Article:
In some countries people do not have a lot of money to pay for the tracts. It is difficult to get them to contribute enough to even pay for the printing. However, at the moment, we Australians have funds available from distributing tracts here, where people do have a lot of money, and where they give two or three times the cost of the tracts. So even though these funds may not always be available, for the time being, we in the richer countries may be the source of God's provision for teams in poorer countries. Once again, we are not trying to "buy" loyalty from the poorer countries. We are hopeful that disciples have been attracted to the message and not to our money. Of course, it doesn't hurt to observe disciples (new ones especially) to find clues as to why they are working with us.

We can also experiment with teaching disciples in these poorer countries to be a little more self-sufficient. For starters, they can go on faith outreaches, where they experience God's provision for food. They could continue to sleep out on the beach or at railway stations as they often do on faith outreaches. But I think they are capable of paying the rent on a house from donations received for tracts that we supply; and I think that the extra comfort of sleeping in a bed under a fan will give them more strength to get more of the Word out the next day. It could be that in time we will return to smaller tracts, which we could print, say, for 50p and sell for Re1, thus giving the team enough money to pay for their own printing and still have something left over for themselves. Obviously they would have to get out an awful lot of lit to cover their expenses and still pay for printing, but we're happy to make up the difference for as long as we are able. Self-sufficiency is just something we need to be working toward. I don't expect it to come all at once.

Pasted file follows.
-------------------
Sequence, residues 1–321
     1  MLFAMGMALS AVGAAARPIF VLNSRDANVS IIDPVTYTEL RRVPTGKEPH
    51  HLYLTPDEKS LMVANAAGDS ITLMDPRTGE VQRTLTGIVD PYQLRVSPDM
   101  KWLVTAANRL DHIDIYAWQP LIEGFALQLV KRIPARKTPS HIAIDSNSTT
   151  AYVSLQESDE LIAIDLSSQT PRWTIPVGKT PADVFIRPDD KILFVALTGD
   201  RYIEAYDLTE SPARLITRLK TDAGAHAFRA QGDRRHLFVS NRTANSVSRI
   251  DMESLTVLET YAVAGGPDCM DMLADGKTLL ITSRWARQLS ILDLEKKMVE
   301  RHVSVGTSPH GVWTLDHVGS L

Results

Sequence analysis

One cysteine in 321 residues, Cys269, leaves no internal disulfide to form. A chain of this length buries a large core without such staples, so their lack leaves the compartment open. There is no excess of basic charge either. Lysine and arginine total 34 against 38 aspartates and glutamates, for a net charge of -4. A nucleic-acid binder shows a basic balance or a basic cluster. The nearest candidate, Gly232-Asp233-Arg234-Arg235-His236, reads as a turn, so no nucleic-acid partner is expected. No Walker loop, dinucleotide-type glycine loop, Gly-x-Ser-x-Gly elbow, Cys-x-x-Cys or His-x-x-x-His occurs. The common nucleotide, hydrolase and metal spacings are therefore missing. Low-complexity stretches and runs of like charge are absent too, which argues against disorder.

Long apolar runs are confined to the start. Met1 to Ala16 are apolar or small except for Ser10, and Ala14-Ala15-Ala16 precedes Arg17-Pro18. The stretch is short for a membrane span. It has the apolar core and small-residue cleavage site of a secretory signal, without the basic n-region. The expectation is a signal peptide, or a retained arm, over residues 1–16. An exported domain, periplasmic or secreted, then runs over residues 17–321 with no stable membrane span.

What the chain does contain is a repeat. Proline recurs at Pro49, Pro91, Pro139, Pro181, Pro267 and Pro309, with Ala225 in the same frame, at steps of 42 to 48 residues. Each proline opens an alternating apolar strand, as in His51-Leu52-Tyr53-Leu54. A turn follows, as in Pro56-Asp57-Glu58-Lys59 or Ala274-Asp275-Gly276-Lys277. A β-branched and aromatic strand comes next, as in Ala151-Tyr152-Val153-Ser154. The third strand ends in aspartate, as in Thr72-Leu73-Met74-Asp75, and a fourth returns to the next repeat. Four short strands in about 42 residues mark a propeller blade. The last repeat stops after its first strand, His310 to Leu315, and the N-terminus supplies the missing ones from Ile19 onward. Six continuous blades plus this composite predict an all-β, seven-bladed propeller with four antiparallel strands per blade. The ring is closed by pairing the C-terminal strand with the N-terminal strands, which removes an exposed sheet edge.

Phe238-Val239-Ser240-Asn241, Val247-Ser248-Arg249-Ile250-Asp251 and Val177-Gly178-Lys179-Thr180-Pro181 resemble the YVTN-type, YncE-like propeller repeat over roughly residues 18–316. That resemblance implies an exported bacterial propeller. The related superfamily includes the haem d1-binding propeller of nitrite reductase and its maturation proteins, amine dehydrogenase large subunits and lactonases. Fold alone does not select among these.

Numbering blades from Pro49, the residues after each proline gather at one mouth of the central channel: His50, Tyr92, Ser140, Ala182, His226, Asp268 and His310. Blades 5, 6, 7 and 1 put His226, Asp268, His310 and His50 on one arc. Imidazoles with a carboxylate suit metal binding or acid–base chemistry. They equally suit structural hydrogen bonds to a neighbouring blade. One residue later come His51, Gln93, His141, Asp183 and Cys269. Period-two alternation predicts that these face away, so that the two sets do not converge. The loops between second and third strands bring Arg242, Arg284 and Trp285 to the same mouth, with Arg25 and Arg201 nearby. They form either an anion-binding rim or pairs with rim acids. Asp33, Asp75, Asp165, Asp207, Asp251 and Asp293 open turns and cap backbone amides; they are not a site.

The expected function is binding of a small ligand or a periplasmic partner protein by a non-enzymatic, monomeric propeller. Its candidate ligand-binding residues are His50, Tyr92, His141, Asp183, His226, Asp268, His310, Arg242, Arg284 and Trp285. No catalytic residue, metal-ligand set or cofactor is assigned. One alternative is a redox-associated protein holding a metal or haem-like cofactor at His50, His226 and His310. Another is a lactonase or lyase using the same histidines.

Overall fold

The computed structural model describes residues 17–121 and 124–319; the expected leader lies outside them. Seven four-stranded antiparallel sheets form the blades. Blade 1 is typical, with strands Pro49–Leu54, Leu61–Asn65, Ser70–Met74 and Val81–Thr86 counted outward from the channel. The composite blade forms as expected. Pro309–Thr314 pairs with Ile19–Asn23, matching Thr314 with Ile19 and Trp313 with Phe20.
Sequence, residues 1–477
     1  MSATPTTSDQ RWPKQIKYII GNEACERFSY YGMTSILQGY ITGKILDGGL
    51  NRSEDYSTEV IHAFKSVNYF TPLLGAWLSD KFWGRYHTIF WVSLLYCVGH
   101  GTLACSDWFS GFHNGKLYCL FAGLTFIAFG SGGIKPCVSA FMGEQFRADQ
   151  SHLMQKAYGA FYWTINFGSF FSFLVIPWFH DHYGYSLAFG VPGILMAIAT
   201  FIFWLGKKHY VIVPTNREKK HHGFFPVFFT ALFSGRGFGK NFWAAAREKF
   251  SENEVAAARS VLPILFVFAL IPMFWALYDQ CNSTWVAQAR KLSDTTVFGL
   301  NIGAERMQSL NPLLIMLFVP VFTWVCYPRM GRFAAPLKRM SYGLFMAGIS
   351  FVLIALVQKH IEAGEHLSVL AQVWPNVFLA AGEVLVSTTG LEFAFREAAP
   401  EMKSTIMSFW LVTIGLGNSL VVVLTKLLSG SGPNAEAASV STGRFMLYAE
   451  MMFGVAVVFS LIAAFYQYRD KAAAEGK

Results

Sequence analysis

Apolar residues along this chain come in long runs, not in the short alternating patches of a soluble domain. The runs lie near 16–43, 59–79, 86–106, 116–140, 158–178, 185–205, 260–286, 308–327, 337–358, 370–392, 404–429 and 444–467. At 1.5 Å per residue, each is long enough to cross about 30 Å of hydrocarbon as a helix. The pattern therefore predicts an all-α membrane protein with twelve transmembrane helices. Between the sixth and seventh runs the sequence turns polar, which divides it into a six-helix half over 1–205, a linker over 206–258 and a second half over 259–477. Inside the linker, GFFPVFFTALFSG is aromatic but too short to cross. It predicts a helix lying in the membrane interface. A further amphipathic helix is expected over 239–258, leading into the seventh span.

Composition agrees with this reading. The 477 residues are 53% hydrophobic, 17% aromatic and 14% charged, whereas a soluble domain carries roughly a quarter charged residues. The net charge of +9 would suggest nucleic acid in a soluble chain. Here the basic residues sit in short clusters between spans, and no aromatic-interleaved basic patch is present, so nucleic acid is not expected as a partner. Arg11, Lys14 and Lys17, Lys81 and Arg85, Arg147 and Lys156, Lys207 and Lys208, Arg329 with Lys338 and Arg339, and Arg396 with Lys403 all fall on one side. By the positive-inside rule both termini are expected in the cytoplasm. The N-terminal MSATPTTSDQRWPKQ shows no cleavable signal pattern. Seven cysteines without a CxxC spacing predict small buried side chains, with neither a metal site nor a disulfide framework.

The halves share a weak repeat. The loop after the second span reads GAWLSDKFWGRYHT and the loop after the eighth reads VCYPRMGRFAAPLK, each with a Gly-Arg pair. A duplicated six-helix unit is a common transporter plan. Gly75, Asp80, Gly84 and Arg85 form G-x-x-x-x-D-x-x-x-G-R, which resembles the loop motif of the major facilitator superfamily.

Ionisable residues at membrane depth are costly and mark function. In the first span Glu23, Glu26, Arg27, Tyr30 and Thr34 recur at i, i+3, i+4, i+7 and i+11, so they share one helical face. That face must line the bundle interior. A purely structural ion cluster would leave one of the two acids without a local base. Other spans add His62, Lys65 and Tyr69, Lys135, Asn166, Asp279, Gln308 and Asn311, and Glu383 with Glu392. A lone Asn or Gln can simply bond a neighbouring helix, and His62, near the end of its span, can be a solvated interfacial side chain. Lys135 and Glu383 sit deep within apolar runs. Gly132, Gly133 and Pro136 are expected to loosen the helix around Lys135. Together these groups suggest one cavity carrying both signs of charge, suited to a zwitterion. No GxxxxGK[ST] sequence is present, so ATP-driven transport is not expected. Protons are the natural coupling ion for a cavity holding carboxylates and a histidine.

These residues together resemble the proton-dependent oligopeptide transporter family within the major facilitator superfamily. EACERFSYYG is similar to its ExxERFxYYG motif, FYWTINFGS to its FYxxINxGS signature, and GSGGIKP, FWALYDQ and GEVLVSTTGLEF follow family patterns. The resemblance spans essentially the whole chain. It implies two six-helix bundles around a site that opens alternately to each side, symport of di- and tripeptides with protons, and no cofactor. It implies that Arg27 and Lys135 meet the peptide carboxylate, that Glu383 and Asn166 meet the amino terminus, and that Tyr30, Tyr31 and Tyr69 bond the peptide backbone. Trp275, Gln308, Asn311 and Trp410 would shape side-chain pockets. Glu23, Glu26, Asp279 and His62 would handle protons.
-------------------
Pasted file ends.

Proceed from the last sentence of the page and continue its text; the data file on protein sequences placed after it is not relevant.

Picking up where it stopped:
Just one other point, however. We sometimes need to look at what we have available as well as what we feel will be the most effective way to get the message out. We've always found that God provides the material needs to be effective; but if we have an "idea" that we don't have the funds for, it may not be the right time yet for the idea. Trusting God for the provision is the supernatural faith side. Looking at what we have and how long funds are likely to last is more the practical side of living by faith. The two need to work together.

(See also 'Conscience' Issues.)